As we’ve talked about quite a bit lately, organic food is becoming big business. This is both good and bad of course : less pesticides and a healthier population are good things, but there’s understandable fear that with big money involved quality standards may be compromised and the small farmer further decimated. I tend to fall on the side of believing this is part of a positive evolution – and the chart above illustrtates that almost every big player in the food industry is getting involved with organics to one extent or another. Click the chart to go full screen (courtesy of the Certified Organic Associations of British Columbia).
Soon, we’ll see Wal*Mart on that map too.
Beating out traditional heavyweights like Yale, Berkeley, Duke and Stanford, the Bainbridge Graduate Institute finished 4th in its first case compeition among business schools. (CSRWire report here)
BGI is one of a handful of new business schools founded on the principals of sustainabilty and offering a curriculum that integrates environmental and social considerations with a core business education. Congrats to the BGI Team!
You may have heard of the concept of an environmental “footprint”, or perhaps a “carbon footprint”, but now the Center for Sustainable Innovation has proposed measureing a company’s impact on society with a “social footprint” measurement. LOHAS article here. The concept builds on the Global Reporting Initiative and can be read about here.
My collegue, Steve Kopfl has been engaging McDonald’s on their “CSR Blog” and asked them about their lack of a ‘fair trade cofee’ policy and their continued use of polystrene foam cups. The answer (see here) that was give, although thoughtful, seems to miss the point of what Steve was asking. Namely – that there are probably negative health effects steming from the use and manufacture of this type of cup. Also, that thicker paper cups, assuming they are from trusted sources like FSC certificed forests or post consumer recycling are not necesarily worse for the environment. Finally, they never responded at all to his question about Fair Trade Certified coffee. Seem like a missed opportunity on their part. Check it out here.
Wal Mart Stores plan to double their organic grocery offerings next month, in addition to a strong commitment to responsibly caught seafood and organic cotton in clothing (AP Article here). The best thing about this is the inevitable effect on Wal Mart’s massive supply chain – increasing the likelyhood that many other retailers and suppliers will follow their lead.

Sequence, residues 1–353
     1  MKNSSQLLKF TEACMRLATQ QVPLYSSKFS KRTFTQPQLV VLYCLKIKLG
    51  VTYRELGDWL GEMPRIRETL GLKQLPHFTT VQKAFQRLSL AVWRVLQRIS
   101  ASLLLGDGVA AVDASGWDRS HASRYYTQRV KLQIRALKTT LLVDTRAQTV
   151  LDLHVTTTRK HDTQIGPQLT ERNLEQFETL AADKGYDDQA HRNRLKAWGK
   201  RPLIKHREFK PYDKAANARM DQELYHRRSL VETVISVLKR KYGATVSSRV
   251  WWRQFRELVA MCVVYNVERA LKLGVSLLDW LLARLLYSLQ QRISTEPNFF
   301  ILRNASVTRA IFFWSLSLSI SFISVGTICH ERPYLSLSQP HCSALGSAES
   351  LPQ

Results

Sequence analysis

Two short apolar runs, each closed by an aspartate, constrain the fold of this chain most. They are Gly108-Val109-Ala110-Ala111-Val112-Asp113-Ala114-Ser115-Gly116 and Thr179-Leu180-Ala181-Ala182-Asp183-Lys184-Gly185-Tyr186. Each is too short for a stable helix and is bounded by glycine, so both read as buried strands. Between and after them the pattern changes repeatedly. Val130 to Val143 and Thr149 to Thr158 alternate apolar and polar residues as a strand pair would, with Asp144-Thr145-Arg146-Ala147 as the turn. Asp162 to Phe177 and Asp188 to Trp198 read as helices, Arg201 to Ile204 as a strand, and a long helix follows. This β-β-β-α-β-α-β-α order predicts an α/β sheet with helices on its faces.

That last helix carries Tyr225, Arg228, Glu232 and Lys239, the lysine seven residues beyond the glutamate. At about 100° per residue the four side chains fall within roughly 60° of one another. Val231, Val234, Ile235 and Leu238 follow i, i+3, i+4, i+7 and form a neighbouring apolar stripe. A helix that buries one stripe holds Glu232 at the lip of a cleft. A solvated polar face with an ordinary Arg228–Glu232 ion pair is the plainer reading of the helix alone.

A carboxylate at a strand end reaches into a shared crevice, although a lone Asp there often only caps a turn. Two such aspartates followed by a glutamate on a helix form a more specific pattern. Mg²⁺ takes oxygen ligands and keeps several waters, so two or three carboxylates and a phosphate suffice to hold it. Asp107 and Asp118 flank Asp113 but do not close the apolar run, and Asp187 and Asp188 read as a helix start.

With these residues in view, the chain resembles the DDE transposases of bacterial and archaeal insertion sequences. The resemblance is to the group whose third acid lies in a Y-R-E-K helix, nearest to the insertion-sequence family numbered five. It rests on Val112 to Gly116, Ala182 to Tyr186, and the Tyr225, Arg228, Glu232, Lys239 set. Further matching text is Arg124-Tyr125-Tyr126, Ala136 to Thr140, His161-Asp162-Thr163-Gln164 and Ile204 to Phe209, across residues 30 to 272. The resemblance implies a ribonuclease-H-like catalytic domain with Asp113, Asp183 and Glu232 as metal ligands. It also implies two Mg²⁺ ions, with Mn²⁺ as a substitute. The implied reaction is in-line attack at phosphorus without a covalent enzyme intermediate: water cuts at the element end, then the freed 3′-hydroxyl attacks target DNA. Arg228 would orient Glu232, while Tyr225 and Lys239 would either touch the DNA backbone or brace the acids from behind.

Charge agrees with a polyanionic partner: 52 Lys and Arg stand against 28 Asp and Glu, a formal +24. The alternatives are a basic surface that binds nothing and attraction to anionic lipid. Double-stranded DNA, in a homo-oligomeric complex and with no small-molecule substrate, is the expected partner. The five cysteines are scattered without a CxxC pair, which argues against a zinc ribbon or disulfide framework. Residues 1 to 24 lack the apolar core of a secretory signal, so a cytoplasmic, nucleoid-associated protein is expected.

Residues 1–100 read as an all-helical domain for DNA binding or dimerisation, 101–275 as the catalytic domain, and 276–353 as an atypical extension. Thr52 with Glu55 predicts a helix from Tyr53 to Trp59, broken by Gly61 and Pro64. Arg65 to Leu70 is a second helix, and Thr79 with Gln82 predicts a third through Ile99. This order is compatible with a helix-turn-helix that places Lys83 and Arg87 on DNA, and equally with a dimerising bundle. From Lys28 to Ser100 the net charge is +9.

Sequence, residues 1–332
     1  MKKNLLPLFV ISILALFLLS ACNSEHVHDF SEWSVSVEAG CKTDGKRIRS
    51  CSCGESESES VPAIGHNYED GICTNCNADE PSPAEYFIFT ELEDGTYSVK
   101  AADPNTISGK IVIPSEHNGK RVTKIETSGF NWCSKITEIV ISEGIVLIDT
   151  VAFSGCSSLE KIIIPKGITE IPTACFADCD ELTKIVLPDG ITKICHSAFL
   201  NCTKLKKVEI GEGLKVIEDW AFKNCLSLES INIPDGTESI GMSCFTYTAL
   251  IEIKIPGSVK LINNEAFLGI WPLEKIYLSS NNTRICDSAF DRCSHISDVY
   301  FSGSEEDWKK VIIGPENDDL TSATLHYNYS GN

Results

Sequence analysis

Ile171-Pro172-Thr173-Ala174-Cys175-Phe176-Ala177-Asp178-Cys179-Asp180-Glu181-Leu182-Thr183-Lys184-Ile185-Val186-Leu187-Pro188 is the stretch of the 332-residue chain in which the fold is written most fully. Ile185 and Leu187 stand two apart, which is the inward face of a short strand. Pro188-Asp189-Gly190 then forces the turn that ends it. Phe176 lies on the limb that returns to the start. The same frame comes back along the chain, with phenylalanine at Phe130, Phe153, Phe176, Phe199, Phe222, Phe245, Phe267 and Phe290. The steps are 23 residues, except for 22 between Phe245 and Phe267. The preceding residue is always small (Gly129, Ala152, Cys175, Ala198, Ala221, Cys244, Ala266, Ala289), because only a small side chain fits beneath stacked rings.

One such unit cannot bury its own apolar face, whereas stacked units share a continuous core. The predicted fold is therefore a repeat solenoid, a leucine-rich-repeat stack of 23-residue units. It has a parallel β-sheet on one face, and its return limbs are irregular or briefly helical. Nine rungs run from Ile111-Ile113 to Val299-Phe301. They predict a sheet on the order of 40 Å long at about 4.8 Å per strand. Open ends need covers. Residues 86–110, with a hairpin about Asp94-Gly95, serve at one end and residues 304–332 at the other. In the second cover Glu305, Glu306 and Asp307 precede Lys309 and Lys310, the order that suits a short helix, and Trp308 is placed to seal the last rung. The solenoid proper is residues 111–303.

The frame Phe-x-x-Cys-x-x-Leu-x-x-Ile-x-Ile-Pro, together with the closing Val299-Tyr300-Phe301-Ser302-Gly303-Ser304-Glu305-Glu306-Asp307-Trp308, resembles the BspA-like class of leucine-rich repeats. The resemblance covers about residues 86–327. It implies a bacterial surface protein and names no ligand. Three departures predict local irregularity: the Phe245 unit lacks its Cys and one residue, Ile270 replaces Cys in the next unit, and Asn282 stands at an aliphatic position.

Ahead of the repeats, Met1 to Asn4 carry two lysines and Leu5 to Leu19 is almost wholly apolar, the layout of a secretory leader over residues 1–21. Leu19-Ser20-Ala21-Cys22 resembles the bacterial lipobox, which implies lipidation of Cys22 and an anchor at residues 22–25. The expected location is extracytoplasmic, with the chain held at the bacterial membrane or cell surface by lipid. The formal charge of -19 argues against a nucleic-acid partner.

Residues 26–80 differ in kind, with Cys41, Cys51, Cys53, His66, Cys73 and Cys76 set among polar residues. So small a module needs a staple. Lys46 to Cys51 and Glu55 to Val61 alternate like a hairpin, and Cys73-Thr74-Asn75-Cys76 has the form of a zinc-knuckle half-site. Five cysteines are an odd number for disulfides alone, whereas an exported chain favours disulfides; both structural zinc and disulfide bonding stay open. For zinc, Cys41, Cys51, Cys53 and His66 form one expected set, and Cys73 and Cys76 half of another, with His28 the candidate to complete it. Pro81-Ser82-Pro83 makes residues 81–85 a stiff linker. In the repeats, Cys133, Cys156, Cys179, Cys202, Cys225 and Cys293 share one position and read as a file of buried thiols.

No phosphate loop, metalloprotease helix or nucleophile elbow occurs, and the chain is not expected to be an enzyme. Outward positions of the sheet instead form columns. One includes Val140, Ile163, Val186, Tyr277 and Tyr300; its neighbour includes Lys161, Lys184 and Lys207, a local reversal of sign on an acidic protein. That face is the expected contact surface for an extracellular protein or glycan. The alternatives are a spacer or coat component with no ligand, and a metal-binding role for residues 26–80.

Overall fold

The assumption is still that organic is more costly, and is therefore part of a Wal Mart strategy to lure “more affluent” shoppers. Hopefully, however, with a move this sweeping, it will start to bring the price down for everyone, and expose Wal Mart’s regular clientelle to something a little more savory.
The Association for the Advancement of Sustainability in Higher Education (AASHE) has just put out a great digest on “campus sustainability news stories and resources from the past year”. It’s a great big PDF that you can download here containing hundreds of stories about various sustainable initiatives on university campuses, ranging from transportation to SRI, to Green Building. It’s great to hear about so many things going on at universities everywhere, and even better to see them all collected in one place!
There are few business leaders as well known as Ray Anderson in terms of having an epiphany about sustainability. Andersons’s company – Interface Carpet – is a leader in the quest to create a truly cradle to cradle company with a goal of having “Zero Impact” on the environment. I could go on and on, but for your weekend enjoyment, please listen to this BBC Rado interview and hear all about it. [Listen Here]
Environmental Defense Fund has put together a couple new public service messages about global warming. Both are very dramatic and feature children as key players – and the recipients of the negative consequences of climate change. They are quite high on the “doomsday” scale, which may very well be correct, but I wonder how much more doomsaying people need? That’s a fundamental question when it comes to educating the public about this sort of thing, and it’s possible that these ads might be very effective in generating public outcry. Anyway I much prefer the train video than the one with the series of kids. How about you?
[View the PSAs here]